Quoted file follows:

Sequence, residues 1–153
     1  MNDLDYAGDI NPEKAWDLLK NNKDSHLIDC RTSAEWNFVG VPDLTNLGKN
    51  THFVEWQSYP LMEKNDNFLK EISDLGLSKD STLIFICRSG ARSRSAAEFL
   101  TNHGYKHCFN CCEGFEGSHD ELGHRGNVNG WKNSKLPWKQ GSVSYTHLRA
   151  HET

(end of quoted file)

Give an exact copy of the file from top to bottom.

Sequence, residues 1–153
     1  MNDLDYAGDI NPEKAWDLLK NNKDSHLIDC RTSAEWNFVG VPDLTNLGKN
    51  THFVEWQSYP LMEKNDNFLK EISDLGLSKD STLIFICRSG ARSRSAAEFL
   101  TNHGYKHCFN CCEGFEGSHD ELGHRGNVNG WKNSKLPWKQ GSVSYTHLRA
   151  HET